Call for national register and indefinite tenancies for rental sector
A charity is calling for a new national body to oversee the private rental sector.
Citizens Advice makes this one of three demands it wants from the forthcoming Renters’ Reform Bill, expected to be introduced into the House of Commons before the summer break.
– a new National Housing Body and register to set consistent standards, give tenants greater protection, and – in its words – “help responsible landlords”;
– an end to Section 21 ‘no fault’ evictions as promised by the government in 2019;
– indefinite tenancies used as standard, “to give renters more certainty and flexibility, and reduce their exposure to annual rent increases.”
Alistair Cromwell, acting chief executive of Citizens Advice, says: “The government’s eviction ban helped private tenants feel more secure during the pandemic. But it’s been a case of papering over the cracks.
“Our research paints a disturbing picture of a private rental market in which tenants pay high rents on badly maintained properties, while living in constant fear that any complaint could result in summary eviction.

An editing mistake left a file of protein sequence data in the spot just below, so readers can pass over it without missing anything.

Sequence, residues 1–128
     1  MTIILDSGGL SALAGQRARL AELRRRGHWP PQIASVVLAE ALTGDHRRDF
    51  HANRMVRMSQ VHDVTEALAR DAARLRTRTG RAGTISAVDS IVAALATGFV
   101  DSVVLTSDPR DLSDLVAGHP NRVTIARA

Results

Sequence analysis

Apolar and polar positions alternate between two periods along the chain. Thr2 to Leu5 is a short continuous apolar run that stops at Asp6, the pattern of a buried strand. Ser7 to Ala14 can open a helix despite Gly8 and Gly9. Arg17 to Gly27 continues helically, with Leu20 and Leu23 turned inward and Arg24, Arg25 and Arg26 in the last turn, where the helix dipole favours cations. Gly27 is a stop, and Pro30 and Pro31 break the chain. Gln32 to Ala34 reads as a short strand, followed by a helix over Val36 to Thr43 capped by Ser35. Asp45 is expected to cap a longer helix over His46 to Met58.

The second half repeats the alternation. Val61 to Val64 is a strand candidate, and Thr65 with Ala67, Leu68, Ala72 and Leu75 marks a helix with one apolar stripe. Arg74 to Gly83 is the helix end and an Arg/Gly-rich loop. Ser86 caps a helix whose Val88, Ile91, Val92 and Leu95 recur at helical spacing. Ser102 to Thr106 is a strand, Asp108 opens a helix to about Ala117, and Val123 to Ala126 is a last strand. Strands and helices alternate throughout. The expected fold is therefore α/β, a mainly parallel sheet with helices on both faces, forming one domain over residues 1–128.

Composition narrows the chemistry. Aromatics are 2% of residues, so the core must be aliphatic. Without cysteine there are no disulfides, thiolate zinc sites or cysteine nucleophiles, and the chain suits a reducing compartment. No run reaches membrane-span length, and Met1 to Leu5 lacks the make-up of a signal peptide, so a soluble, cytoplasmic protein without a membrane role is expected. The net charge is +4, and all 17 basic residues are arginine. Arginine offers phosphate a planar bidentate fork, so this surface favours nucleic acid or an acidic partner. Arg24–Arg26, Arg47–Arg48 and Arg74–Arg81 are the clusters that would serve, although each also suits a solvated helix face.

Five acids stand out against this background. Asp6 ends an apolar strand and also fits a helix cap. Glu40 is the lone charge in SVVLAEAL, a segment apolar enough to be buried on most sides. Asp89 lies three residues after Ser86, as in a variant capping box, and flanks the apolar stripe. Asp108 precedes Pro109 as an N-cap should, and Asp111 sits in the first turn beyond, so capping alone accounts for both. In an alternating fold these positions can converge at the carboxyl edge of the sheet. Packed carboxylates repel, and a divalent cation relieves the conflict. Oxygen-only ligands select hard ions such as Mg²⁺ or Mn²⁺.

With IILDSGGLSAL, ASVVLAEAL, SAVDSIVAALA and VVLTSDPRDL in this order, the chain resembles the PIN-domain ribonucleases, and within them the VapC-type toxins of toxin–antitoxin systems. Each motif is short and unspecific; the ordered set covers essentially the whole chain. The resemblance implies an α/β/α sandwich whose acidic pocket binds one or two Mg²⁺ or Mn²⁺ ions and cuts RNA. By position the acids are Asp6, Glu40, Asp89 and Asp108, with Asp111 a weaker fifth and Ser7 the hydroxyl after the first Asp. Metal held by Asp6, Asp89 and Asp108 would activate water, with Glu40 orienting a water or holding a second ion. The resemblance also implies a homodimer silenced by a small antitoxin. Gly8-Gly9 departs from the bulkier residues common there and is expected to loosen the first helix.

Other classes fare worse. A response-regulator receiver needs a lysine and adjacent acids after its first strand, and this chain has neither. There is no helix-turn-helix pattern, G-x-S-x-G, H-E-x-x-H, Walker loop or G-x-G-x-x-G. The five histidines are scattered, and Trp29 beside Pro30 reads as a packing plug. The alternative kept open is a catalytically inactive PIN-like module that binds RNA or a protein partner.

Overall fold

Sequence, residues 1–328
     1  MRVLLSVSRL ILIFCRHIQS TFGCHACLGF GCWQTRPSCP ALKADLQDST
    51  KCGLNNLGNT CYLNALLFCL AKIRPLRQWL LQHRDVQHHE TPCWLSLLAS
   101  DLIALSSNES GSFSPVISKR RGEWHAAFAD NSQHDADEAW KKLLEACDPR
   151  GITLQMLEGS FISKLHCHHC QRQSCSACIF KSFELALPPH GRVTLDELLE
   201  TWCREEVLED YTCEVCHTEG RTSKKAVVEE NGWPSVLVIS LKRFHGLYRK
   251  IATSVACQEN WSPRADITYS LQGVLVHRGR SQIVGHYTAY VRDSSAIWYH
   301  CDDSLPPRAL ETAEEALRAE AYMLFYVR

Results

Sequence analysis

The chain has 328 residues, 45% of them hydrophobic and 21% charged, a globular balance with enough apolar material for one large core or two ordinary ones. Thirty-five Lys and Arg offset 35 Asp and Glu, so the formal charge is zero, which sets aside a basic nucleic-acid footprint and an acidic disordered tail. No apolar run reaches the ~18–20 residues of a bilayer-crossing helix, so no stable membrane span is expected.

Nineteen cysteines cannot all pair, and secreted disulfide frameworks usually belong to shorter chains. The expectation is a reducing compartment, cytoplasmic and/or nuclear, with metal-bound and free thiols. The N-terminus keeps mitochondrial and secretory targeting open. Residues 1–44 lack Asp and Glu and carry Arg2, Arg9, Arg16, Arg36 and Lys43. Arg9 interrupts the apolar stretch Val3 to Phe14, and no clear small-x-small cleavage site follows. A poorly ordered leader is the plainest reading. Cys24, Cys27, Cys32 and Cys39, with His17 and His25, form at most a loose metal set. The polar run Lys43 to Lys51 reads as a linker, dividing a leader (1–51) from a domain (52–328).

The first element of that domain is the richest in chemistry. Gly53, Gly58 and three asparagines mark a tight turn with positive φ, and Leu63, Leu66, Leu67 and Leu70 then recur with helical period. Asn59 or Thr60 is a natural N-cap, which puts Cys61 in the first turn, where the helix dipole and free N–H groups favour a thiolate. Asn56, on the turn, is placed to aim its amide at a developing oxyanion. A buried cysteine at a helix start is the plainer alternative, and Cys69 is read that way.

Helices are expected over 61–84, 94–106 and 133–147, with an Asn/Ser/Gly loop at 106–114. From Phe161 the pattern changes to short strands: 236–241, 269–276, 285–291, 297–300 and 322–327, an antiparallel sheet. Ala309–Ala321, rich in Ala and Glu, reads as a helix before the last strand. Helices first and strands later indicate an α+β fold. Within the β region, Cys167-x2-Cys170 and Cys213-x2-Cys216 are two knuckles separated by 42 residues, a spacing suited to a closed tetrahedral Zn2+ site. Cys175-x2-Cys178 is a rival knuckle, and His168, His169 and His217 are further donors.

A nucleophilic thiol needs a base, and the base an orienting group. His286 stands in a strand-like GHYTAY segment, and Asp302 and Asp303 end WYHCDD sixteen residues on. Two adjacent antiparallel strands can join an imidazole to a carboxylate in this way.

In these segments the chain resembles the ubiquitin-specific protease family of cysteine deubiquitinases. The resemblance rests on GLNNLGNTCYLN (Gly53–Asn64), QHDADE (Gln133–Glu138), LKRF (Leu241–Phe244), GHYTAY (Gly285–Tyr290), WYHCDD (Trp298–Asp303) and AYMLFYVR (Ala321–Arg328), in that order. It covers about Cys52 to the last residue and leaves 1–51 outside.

“The Renters’ Reform Bill is an opportunity to lay better foundations for a more equitable private rental market which provides better quality housing and helps tenants feel more settled in their homes.”
In the first two months of this year, Citizens Advice claims it saw a 40 per cent increase in people seeking one-to-one advice on issues relating to the private rented sector compared to the same period in 2020.
Polling by Citizens Advice, through its national Tenants’ Voice panel, shows private renters are still concerned by the threat of eviction despite the current ban. A third said they had been worried about the issue in the last three months.
Figures from the charity’s website show In the first two months of the year 69,000 people viewed its advice pages dealing with problems related to private tenancies.
Citizens Advice claims also to have helped 16,530 people with one-to-one advice on these issues in the same two-month period. “That’s one every minute during office hours” it says.
This includes 29 per cent who had problems with repairs or maintenance; nine per cent worried about possession action not related to rent arrears; five per cent who reported harassment by their landlord; and four per cent who wanted help with a possible illegal eviction.
The Tenants’ Voice panel also found two thirds of those surveyed had experienced problems with maintenance or disrepair in the last three months.